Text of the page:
This proposed study is designed to investigate the acceptability, perceived need and uptake of short-term episodic Pre-Exposure Prophylaxis for HIV prevention among men who have sex with men (MSM). Long-term PrEP may be unnecessary for the many HIV-uninfected men who have episodic contextually defined high-risk periods, particularly when away from their home setting. Alternative dosing strategies, such as short-term fixed-interval episodic PrEP (Epi-PrEP), may be a more realistic, feasible, acceptable, and useful option with high public health impact for the majority of MSM. PrEP has the potential to dramatically raise the effectiveness of current HIV prevention efforts if it is correctly used and disseminated. This application is designed to investigate several questions essential to the development of efficacious Epi-PrEP uptake and adherence programs.
The specific aims of the proposed two-city (Pittsburgh and Boston) study are to: (1) characterize and assess the prevalence of MSM who have high-risk but short-term periods when episodic PrEP may be an optimal HIV prevention strategy with a particular focus on low SES men; (2) determine the feasibility of clinic- based Epi-PrEP implementation pilot project for MSM who report occasional unprotected sex and who anticipate that they will have at defined high-risk time during the study period; and (3) Identify specific adherence-related contexts and problems, as well as resiliencies that will inform the intervention design of a larger scale trial of the effcacy of Epi-PrEP. Findings from this study will provide the empirical platform necessary to supporting the design, implementation and evaluation of an Epi-PrEP adherence intervention in a larger scale effectiveness trial. By basing the creation of new intervention strategies on data that measure both uptake and adherence of Epi-PrEP use among high-risk MSM, we can help ensure that PrEP strategies will reduce HIV transmission among the risk group that accounts for nearly two-thirds of all new HIV infections in the U.S.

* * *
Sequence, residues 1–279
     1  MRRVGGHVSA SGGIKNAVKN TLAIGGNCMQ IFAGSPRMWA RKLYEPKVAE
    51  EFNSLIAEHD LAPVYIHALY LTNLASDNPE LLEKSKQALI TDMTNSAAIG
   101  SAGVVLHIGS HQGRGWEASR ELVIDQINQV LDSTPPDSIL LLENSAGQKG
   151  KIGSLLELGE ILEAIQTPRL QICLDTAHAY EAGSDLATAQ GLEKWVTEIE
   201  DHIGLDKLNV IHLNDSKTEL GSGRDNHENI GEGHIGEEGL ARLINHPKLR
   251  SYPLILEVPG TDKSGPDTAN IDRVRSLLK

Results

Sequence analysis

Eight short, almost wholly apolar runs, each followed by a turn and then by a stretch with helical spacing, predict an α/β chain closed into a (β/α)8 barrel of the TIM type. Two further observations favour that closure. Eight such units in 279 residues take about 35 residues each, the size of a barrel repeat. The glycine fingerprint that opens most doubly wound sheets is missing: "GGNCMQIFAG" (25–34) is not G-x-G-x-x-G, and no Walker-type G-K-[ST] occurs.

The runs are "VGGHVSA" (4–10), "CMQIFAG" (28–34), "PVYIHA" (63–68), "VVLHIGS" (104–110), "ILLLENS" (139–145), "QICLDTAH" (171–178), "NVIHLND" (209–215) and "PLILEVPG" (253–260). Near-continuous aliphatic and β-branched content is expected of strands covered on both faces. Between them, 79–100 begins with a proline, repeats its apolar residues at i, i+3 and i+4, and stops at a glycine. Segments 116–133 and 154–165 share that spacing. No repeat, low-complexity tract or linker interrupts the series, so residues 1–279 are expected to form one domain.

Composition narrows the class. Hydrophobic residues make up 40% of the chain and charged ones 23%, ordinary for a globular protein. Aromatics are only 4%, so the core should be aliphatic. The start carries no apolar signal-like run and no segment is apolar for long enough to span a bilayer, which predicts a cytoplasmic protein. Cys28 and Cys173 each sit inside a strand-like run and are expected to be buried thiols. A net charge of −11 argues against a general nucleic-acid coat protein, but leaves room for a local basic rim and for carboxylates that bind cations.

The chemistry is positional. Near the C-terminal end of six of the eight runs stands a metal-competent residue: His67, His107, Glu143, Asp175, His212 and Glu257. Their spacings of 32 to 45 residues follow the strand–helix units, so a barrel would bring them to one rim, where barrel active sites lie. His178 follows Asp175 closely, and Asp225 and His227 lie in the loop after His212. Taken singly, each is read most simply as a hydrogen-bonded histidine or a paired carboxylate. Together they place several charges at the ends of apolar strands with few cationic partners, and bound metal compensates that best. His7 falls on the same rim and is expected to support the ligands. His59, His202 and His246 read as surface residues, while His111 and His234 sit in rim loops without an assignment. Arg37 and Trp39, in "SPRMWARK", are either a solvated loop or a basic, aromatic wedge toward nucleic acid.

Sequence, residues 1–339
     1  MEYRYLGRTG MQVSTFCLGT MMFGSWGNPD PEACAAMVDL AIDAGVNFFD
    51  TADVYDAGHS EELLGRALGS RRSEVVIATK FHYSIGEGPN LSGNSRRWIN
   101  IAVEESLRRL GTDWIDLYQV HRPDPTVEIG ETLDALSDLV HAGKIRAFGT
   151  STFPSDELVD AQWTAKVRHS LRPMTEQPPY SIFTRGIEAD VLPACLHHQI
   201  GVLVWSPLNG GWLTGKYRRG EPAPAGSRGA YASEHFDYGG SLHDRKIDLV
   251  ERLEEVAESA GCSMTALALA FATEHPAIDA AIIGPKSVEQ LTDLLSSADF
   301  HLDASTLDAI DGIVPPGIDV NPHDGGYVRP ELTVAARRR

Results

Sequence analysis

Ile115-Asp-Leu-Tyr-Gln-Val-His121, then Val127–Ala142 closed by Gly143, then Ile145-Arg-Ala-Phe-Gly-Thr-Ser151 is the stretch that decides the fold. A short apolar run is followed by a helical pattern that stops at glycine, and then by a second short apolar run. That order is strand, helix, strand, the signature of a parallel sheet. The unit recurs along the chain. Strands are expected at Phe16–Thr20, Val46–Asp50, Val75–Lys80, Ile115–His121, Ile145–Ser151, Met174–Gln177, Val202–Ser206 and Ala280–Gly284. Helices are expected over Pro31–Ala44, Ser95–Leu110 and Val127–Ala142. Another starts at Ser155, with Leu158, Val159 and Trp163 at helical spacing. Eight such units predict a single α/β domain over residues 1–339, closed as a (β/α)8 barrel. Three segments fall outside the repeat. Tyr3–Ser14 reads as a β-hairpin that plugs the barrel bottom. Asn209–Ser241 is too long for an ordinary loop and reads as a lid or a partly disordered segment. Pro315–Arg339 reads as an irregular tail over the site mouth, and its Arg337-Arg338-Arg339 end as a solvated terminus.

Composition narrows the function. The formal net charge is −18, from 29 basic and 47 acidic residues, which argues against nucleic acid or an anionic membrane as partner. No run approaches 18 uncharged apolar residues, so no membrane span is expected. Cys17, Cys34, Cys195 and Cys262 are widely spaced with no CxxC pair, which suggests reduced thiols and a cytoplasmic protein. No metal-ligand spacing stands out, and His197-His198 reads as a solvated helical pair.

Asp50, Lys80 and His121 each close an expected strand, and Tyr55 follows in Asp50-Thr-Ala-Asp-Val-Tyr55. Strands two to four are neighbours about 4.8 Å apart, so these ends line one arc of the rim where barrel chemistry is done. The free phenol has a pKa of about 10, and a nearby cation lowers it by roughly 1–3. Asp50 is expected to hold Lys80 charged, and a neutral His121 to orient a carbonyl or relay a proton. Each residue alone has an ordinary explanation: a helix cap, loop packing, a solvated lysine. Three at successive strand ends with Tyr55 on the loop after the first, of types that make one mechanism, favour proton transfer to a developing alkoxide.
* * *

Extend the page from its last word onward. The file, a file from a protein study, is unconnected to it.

Public Health Relevance

This proposed study is designed to investigate the acceptability, perceived need and uptake of short-term episodic Pre-Exposure prophylaxis (Epi-PrEP) for HIV prevention among men who have sex with men (MSM). The project aims include implementation of an Internet survey; determining the feasibility of clinic-based episodic PrEP implementation pilot project for MSM who report occasional unprotected sex and who anticipate that they will have at defined high-risk time during the study period; and qualitative interviews t identify specific adherence-related contexts and problems, as well as resiliencies that will inform the intervention design of a larger scale trial of the efficacy of episodic PrEP. Findings from thi study will provide the empirical platform necessary to supporting the design, implementation and evaluation of an Epi-PrEP adherence intervention in a larger scale effectiveness trial.

Agency
National Institute of Health (NIH)
Type
Planning Grant (R34)
Project #
5R34MH104083-03
Application #
9197693
Study Section
Special Emphasis Panel (ZMH1)
Program Officer
Stirratt, Michael J
Project Start
Project End
Budget Start
Budget End
Support Year
3
Fiscal Year
2017
Total Cost
Indirect Cost
Name
University of Pittsburgh
Department
Public Health & Prev Medicine
Type
Schools of Public Health
DUNS #
004514360
City
Pittsburgh
State
PA
Country
United States
Zip Code
15213